One of the 17 autonomous communities of Spain, located in the north-east of the Iberian Peninsula. It was created in 1978 in the process of adoption of a new Constitution that marked the end of the dictatorship of General F. Franco and the beginning of the democratization process in the country. Since Catalonia was a region that implemented the initiative to obtain self-government even during the Second Republic (1931-1939), autonomy in 1978 was obtained through a simplified scheme in a referendum (the so-called "fast track").
Economically, the region is the richest autonomous community in Spain, providing about 19% of its GDP. Since the state legislatively stipulates the functioning of the principle of "interterritorial solidarity", Catalonia is a donor region. At the same time, it does not have tax autonomy and is in fiscal dependence on the official Madrid. This causes the conflicts in the relations with the central government.
The titular ethnic group is Catalans, who make up just over 30% of the region's population, and the Spaniards - 55%. Language is the key distinguishing marker for a titular ethnic group. Catalan and Spanish (Castilian) languages belong to different subgroups (the first to the Oxitano-Romance, the second to the Ibero-Romance languages) of the Romance languages. The ethnolinguistic situation in the region is associated with the dominance of the Catalan language. This is most clearly manifested in the education system: all education in regional schools is conducted in Catalan, while the national language is studied simply as a subject.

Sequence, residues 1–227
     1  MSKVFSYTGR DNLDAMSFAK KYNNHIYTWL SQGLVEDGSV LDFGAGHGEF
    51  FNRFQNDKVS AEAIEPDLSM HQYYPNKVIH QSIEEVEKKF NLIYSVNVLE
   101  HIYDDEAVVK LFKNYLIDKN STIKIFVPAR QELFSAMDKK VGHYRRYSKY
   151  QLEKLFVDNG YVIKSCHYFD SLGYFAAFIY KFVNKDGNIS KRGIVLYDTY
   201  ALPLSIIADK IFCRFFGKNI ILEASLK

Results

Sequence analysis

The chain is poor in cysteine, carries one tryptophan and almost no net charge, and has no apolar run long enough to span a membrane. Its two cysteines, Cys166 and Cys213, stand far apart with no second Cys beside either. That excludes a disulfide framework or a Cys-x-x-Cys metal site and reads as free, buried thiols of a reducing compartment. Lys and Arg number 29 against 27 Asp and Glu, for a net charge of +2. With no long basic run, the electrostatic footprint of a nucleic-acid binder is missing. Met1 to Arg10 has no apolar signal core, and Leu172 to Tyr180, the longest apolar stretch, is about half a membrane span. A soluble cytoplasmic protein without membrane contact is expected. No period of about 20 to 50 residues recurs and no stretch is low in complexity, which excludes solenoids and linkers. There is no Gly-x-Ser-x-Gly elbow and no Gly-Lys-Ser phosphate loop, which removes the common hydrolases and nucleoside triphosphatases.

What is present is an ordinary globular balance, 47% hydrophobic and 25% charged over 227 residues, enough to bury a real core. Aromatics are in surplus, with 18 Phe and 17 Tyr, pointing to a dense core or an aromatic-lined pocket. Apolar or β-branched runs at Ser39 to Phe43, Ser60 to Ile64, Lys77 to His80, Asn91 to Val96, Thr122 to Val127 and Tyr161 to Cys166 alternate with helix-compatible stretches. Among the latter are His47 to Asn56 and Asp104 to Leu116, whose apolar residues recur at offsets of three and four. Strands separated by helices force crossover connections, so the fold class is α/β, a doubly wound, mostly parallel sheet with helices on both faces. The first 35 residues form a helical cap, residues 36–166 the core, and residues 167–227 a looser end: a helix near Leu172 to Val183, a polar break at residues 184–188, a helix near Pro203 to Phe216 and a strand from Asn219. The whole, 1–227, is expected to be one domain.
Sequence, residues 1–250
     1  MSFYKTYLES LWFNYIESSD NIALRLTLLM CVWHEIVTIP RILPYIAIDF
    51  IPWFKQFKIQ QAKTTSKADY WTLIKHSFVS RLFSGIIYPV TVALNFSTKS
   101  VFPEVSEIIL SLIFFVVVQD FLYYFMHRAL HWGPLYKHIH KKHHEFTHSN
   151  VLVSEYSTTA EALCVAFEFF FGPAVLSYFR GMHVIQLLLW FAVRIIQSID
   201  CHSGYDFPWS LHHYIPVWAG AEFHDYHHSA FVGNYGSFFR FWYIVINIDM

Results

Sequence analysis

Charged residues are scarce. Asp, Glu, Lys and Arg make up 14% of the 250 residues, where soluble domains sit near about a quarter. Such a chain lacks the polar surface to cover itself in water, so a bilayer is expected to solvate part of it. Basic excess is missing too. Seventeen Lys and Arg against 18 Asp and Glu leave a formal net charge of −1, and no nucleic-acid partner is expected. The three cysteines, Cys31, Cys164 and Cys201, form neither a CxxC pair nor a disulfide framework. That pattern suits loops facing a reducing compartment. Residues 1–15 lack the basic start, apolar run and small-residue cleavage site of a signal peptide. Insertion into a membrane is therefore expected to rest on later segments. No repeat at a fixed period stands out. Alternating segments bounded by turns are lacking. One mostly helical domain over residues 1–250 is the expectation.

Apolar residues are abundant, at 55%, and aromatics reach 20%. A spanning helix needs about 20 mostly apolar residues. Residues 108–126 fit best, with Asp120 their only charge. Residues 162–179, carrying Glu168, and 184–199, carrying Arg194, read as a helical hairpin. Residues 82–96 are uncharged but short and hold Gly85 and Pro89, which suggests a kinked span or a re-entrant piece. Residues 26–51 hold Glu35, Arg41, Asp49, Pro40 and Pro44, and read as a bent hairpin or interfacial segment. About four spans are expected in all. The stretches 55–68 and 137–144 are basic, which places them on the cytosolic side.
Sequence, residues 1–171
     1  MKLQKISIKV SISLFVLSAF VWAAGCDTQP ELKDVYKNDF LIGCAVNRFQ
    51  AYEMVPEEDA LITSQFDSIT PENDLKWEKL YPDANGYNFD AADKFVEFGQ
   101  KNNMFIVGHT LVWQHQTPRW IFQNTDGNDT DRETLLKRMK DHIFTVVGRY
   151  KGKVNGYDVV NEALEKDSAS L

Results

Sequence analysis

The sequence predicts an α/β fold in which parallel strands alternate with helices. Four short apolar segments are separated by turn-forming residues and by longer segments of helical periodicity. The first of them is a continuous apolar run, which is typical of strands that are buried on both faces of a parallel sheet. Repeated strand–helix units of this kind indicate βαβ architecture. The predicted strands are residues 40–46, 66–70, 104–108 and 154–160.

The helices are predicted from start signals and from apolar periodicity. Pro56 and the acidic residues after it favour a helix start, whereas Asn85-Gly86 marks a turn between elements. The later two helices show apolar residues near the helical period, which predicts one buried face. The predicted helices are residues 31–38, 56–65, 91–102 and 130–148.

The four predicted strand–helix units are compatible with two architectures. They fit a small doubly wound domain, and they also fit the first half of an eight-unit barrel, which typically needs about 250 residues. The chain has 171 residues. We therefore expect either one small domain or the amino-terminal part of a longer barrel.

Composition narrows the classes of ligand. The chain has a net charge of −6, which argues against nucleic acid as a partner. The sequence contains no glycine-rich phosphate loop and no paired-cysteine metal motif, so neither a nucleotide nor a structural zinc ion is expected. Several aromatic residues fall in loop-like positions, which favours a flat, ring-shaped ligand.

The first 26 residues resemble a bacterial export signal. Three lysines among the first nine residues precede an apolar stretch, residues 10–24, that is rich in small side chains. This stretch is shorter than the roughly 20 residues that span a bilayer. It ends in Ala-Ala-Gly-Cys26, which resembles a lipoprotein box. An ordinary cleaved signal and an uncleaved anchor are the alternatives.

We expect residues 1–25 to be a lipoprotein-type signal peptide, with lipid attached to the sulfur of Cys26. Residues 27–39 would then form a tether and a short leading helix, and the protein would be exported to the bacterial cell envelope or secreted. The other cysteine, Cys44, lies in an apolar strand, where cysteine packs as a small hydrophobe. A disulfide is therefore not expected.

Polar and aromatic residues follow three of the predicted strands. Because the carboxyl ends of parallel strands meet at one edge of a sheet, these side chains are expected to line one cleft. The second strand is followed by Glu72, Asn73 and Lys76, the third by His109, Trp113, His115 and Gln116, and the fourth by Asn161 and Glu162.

The current situation in the autonomous community is characterized by a high degree of tension. The period from the mid-2000s till now is marked by a surge in the Catalan independence movement, caused by the refusal of the central government to approve amendments to the Charter of the region that ensured a higher degree of autonomy. October 1, 2017, a referendum was held in the autonomous community in which 90.18% of the participants voted for the withdrawal of Catalonia from Spain and the creation of a sovereign state. Madrid, however, categorically refused to recognize the results of the referendum. The unilateral nature of the Catalan initiative now complicates the process of the proclamation of independence.